''A Light Unto My Path''

George Bernard Shaw owned a dozen copies of the Holy Bible and said he never traveled without one. There must be some reason for such attachment to the Scriptures.

A searching look at the Bible, intended to give all people a sense of its enduring vitality and practical relationship to their own everyday lives, now is open to the public free of charge in a permanent Bible Exhibit at the Christian Science Center in Boston.

Stepping off Belvidere Street into the triangular space at the end of the long Colonnade Building, the visitor is immediately introduced to quotations of famous men and women who relied upon the Book of Books for their inspiration, wisdom, and guidance.

Immanuel Kant: ''A single line in the Bible has consoled me more than all the books I have ever read besides.'' John Ruskin: ''The Bible is the one book to which any thoughtful man may go with any honest question of life or destiny and find the answer of God by honest searching.'' Johann Wolfgang von Goethe: ''The Bible grows more beautiful, as we grow in our understanding of it.''

Robert E. Lee, who saw many dark days during the Civil War, wrote: ''The Bible is a book in comparison with which all others in my eyes are of minor importance; and which in all my perplexities and distresses has never failed to give me light and strength.''

It is this spiritual illumination that has comforted so many through the ages that strikes the keynote of this exhibit, which is called ''A Light Unto My Path: Exploring the Bible in Sight and Sound.'' This theme is taken from Psalms 119:105: ''Thy Word is a lamp unto my feet, and a light unto my path.''

After reading his way across the ''quotation wall,'' the visitor picks up from a recharge rack at the desk of an attendant a little white plastic listening wand, with no trailing wires. This is his audio passport to the two main exhibits on this floor:

* A 32-foot-long historical time-line called ''The Line of Light in the Bible.'' Arrayed across one wall of the triangle, it quickly telescopes the millenniums of Bible times into a single comprehensive view of that historical period.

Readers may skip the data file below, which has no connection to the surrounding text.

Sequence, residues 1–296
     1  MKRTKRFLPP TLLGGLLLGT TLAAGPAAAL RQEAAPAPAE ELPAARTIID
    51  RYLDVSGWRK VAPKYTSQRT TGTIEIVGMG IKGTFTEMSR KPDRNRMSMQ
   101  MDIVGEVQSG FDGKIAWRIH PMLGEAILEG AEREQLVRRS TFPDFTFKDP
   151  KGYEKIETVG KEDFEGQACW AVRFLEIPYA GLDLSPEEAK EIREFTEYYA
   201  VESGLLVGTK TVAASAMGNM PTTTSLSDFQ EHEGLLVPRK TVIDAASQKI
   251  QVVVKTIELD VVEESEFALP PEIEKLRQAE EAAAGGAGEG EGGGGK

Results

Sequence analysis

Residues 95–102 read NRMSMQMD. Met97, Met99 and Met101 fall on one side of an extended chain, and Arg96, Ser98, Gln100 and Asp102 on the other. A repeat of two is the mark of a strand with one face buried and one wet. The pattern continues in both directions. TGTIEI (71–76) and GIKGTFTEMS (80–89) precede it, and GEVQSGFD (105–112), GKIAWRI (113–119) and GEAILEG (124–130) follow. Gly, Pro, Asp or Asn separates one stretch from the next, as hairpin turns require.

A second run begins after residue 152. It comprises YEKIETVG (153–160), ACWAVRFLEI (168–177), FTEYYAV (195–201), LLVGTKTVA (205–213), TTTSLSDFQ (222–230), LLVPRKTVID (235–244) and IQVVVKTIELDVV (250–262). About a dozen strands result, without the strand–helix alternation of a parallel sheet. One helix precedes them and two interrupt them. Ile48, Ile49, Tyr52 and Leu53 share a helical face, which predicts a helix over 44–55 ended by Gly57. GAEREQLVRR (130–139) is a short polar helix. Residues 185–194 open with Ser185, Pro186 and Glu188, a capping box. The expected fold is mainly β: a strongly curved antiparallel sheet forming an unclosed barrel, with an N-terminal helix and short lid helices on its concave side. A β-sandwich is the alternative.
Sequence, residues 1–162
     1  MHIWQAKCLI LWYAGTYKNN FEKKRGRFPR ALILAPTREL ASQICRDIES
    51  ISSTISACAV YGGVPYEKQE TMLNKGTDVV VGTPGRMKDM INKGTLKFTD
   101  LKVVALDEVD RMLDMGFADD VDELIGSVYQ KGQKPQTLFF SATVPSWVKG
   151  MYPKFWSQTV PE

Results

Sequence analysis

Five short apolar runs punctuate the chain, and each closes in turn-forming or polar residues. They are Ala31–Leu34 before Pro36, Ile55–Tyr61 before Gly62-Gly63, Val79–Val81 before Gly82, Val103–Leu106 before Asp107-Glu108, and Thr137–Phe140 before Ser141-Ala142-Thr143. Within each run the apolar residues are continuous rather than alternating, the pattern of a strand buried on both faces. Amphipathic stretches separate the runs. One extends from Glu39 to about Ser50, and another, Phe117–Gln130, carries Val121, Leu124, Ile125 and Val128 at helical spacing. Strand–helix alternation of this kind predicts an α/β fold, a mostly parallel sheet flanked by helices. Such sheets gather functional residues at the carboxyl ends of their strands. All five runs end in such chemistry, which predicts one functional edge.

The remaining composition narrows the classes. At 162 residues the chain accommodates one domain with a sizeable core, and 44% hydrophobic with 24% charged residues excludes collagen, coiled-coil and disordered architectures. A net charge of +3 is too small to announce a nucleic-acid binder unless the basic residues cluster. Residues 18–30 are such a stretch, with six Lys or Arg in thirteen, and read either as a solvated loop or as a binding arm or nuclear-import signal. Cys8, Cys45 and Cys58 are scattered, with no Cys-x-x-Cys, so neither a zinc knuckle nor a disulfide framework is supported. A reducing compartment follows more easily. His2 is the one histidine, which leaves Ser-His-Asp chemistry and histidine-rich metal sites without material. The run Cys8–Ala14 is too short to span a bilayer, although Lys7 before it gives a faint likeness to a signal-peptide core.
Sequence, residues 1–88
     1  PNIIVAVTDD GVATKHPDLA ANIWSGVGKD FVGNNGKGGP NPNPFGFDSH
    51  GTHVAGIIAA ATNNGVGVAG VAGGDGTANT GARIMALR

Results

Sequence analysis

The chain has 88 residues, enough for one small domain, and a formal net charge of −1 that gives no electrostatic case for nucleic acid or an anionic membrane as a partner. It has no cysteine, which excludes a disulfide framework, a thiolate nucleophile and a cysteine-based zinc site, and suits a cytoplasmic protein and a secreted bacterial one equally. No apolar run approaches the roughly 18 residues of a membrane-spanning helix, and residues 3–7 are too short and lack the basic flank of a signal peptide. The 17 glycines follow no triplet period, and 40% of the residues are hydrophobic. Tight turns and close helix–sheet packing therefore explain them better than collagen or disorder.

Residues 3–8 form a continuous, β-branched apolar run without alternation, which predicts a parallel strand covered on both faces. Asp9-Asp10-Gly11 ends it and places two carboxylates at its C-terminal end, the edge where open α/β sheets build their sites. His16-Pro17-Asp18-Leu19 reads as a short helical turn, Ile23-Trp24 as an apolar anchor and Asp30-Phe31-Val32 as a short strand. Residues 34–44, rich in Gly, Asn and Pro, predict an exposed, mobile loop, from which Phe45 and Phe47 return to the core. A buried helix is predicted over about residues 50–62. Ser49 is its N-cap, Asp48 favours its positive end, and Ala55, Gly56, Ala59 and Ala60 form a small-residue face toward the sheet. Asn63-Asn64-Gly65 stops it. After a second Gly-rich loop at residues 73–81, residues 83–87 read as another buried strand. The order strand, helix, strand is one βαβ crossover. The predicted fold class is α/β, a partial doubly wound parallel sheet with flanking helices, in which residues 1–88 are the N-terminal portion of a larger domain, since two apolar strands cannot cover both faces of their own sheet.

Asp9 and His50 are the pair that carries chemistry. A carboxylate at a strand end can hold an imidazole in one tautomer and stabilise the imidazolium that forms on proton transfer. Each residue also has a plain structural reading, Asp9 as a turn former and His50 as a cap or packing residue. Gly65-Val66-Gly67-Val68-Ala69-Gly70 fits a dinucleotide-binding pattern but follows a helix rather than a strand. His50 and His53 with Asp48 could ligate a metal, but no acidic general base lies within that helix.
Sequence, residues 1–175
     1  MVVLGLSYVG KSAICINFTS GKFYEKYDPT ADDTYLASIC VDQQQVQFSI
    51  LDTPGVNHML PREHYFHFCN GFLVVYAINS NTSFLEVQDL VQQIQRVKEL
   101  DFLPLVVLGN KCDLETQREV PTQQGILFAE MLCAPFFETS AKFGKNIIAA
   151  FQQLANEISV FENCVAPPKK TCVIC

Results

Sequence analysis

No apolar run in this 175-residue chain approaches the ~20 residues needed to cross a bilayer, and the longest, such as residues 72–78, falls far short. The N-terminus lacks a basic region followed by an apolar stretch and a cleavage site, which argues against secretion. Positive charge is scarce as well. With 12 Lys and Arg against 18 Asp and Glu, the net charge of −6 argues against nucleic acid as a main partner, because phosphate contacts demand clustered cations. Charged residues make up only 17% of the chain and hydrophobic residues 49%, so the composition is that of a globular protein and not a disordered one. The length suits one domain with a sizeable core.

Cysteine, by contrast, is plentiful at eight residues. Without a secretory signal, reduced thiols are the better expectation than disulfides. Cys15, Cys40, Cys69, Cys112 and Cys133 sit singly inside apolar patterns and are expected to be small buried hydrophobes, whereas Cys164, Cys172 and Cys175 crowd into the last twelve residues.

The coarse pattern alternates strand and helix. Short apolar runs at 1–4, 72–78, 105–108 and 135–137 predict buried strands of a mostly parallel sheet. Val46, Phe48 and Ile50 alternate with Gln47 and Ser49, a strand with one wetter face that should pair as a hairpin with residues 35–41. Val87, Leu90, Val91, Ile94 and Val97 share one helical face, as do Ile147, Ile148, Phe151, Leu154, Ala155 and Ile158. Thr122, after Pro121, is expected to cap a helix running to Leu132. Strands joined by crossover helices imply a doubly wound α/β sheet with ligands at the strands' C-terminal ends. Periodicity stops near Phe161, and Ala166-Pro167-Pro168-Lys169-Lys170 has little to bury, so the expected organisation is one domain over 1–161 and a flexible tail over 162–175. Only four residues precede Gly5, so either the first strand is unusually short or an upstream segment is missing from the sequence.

* A 44-foot-long, 8-foot-high illuminated Plexiglas relief map of the Holy Land region. Ranging across the adjacent wall, the map gives a sweeping view of the Mediterranean area from the western Sahara to the eastern edge of the Arabian Peninsula.

For each of these displays, the visitor pushes a button to activate the narration and illumination that tell their stories.

Stepping in front of the time-line and holding his listening wand to his ear, one finds that the ''Line of Light'' is divided into four 5-minute segments. So in only 20 minutes he can ''walk through'' the Old and New Testaments.

Moving slowly from left to right, he hears narrators present a digest of main Bible events which trace humanity's developing understanding of the nature of God and man.

The appearing of light in its various metaphorical aspects begins with the divine demand ''Let there be light,'' in the first chapter of Genesis and with the rainbow seen by Noah. Subsequent enlightening landmark discoveries by prophets and leaders culminate in the brilliant dawn of Christianity in the life and works of Jesus, who declared, ''I am the light of the world,'' and in Christianity's dispersion abroad by the Apostle Paul.

As the history unfolds, color transparencies on the Line of Light light up to show Bible verses and biblical people and places in chronological sequence, until the entire time-line is illuminated. Above the panels, an indicator traveling the length of the time-line shows the visitor precisely where he is in Bible history.

''Listening'' to the big map, one may choose to hear any or all of 12 journeys made by leading Bible characters. He may select the migration of Abraham or the Exodus led by Moses. He may concentrate on Jesus' healing missions or on the far-flung travels of Paul.

As accounts of these historic trips from town to town and country to country are related, routes of the long treks by foot or sail are pinpointed by dots of light showing up on the map one by one. This illumination is accomplished by a sophisticated combination of technologies, an electronic signal system that uses groups of fiber-optic cables to shine the points of light through the map from the rear side.

This one-of-a-kind work of art, commissioned especially for this exhibit, looks like a piece of clear crystal, with water showing in brilliant blue. It was relief-carved on the back side of its three-quarters-inch-thick acrylic by William P. Reimann, a well-known sculptor and geography buff who is a member of the Harvard faculty of arts and sciences at Carpenter Center, in Cambridge, Mass.

Illuminated at its edges, the Plexiglas transmits and catches the light wherever it has been carved, bringing out minute topographical detail.

This view of the region is as if seen from a space capsule high above Africa. The landscape appears to tilt backward away from the viewer. The idea, the artist explains, ''is to give a more developed sense of the relief so that viewers can visualize more easily how long those trips were and how much trouble it must have been to walk through valleys, over mountains, and to cross rivers.''